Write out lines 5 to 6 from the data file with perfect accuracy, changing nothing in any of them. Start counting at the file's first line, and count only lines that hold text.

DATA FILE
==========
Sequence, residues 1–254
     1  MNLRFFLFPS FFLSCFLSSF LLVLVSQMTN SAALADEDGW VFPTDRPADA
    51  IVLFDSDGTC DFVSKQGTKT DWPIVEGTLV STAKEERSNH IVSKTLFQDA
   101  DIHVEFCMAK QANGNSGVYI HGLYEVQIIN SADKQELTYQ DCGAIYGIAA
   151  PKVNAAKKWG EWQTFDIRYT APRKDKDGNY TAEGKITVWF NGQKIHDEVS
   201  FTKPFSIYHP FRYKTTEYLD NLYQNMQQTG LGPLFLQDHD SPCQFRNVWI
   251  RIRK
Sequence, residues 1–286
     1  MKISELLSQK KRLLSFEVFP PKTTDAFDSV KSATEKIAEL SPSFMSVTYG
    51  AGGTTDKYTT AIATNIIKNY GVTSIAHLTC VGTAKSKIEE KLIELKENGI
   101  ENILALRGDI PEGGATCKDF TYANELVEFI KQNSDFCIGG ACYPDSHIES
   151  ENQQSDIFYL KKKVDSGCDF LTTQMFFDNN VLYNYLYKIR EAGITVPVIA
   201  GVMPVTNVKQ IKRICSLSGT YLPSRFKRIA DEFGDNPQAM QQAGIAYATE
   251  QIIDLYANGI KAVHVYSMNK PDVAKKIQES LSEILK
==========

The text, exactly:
   151  PKVNAAKKWG EWQTFDIRYT APRKDKDGNY TAEGKITVWF NGQKIHDEVS
   201  FTKPFSIYHP FRYKTTEYLD NLYQNMQQTG LGPLFLQDHD SPCQFRNVWI